vchack(vc_unid, resvar = sigma(L2_unid)^2)
##          est lwr upr
## idyr -0.2877  NA  NA
## id    0.4488  NA  NA

These are a reasonably good match with the MCMCglmm results:

##                       est     lwr     upr
## res_m1_idyr_units -0.2892 -0.3663 -0.2054
## res_m1_idyr_id     0.4649  0.2339  0.7097

Approach 2 (fixed variance)

Alternatively, we can hack this (in development lme4) by getting the deviance function and optimizing it, but forcing one of the individual-level variances to a fixed value (it would be most convenient to fix it to zero, but then we couldn't estimate the unit-level covariance … instead we will fix it to 1.

f0 <- lmer(value ~ trait - 1 + (0 + trait | id) + (0 + trait | obs), data = mSpending)
names(getME(f0, "theta"))
## [1] "obs.traity.hol"            ""
## [3] ""            "id.traity.hol"            
## [5] ""  ""
tmpf <- lmer(value ~ trait - 1 + (0 + trait | id) + (0 + trait | obs), data = mSpending, 
    devFunOnly = TRUE)
tmpf2 <- function(theta2) {
    tmpf(c(1, theta2))
opt1 <- optimx(par = c(0, 1, 1, 0, 1), fn = tmpf2, method = "bobyqa")

It's a little bit of a hack to reconstruct the variance-covariance matrix (could be made easier):

theta <- c(1,opt1$par$par)     ## estimated Cholesky factors
pwrss <- opt1$fvalues$fvalues  ## penalized weighted residual sum of sq
n <- nrow(mSpending)
cnms <- f0@cnms ## named list of names of variables per RE
vc <- lme4:::mkVarCorr(sc=pwrss/n, 
                 nc=sapply(cnms,length), ## vars per random effect term
attr(vc,"useSc") <- TRUE
class(vc) <- "VarCorr.merMod"
##  Groups   Name       Variance Std.Dev. Corr  
##  obs      traity.hol 0.121    0.349          
##  0.140    0.374    -0.536
##  id       traity.hol 0.116    0.341          
##  0.152    0.389    0.393 
##  Residual            0.121    0.349

Transforming as before:

lme4res <- vchack(vc)

This is a slightly bogus description (the residual variance should be added to the diagonal of the unit-level variance-covariance matrix). Furthermore, we're going to have some trouble finding the 95% confidence intervals of the regression term, which is a ratio of two things for which we will individually have trouble getting their 95% confidence intervals (we need to compute likelihood profiles). If really necessary we could reformulate the problem in terms of regression parameters, construct a wrapper for tmpf in terms of the regression parameters, and go from there.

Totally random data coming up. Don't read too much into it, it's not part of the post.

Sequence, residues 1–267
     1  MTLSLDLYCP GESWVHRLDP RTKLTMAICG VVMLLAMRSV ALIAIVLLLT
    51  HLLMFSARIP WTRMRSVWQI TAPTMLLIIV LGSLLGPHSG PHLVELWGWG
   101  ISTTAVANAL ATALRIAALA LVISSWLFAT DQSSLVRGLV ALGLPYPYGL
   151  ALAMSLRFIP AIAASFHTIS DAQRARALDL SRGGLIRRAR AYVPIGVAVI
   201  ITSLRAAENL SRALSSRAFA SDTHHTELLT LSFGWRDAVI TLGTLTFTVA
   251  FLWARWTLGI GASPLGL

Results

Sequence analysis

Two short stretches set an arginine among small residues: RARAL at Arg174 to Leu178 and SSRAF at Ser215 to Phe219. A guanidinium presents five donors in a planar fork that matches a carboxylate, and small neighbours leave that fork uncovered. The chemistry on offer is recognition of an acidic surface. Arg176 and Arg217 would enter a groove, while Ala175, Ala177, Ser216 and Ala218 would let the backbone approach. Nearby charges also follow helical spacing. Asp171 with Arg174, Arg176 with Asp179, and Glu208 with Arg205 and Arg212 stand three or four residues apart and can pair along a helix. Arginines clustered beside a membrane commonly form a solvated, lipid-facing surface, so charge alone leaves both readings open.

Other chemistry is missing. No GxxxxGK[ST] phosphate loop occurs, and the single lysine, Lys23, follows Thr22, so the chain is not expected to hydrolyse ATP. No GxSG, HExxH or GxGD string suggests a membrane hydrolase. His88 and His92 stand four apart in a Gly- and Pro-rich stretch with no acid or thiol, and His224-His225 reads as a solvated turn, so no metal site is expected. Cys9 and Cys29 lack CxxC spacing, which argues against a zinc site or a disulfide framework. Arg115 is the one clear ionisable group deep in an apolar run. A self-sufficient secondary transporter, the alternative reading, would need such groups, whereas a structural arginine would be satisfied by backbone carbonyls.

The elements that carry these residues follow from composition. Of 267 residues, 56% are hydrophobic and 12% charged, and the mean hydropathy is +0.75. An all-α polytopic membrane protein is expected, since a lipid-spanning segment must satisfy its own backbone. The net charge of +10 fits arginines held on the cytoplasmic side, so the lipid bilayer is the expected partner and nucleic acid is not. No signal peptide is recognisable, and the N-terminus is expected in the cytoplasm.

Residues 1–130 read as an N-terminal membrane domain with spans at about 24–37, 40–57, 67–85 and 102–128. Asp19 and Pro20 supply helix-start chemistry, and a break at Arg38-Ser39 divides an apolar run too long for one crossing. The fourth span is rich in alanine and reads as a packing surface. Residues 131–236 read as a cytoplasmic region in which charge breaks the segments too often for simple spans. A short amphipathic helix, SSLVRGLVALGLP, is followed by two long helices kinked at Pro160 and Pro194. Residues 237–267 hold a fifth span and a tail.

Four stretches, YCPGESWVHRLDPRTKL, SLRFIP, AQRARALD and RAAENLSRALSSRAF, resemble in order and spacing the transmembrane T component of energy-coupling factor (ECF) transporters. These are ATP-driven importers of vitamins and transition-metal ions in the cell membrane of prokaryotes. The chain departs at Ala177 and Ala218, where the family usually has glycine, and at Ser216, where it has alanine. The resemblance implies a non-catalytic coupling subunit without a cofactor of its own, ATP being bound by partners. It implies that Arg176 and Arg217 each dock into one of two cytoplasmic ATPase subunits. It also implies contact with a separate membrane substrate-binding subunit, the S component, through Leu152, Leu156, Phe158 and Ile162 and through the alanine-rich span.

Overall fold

In the meantime, though, let's try to derive the point estimates of the regression parameters from the estimates we have so far:

combdat2 <- rbind(combdat, data.frame(param = c("l_L2.units", ""), type = "lme4", 

Compare results:

g1 %+% combdat2

plot of chunk plot3


## Attaching package: 'nlme'
## The following object is masked from 'package:lme4':
## lmList
lme1 <- lme(value ~ trait - 1, random = ~trait - 1 | id, data = mSpending)

In the following model varIdent specifies different variances for each trait (response), while corSymm(form=~1|id/obs) specifies unstructured (symmetric) correlation matrices within each observation (response vector).

lme2 <- update(lme1, weights = varIdent(form = ~1 | trait), correlation = corSymm(form = ~1 | 

The information we need is all in the model fit, but once again extracting it is a bit unwieldy:

## id = pdLogChol(trait - 1) 
##            Variance StdDev Corr  
## traity.hol 0.02965  0.1722 trty.h
## 0.03862  0.1965 0.393 
## Residual   0.06190  0.2488
vc3 <- suppressWarnings(as.numeric(VarCorr(lme2)))
## corr*stddev(hol)*stddev(car)/var(hol) covhc <-
## vc3[8]*vc3[4]*vc3[5]/vc3[1] simpler: corr*stddev(car)/stddev(hol)
reg_id_lme <- vc3[8] * vc3[5]/vc3[4]
idyr_sdratio <- coef(lme2$modelStruct$varStruct, uncon = FALSE)
idyr_cor <- coef(lme2$modelStruct$corStruct, uncon = FALSE)
reg_idyr_lme <- idyr_sdratio * idyr_cor

lme values match the previous results:

c(id = reg_id_lme, idyr = reg_idyr_lme)
##         id 
##     0.4485    -0.2877

To do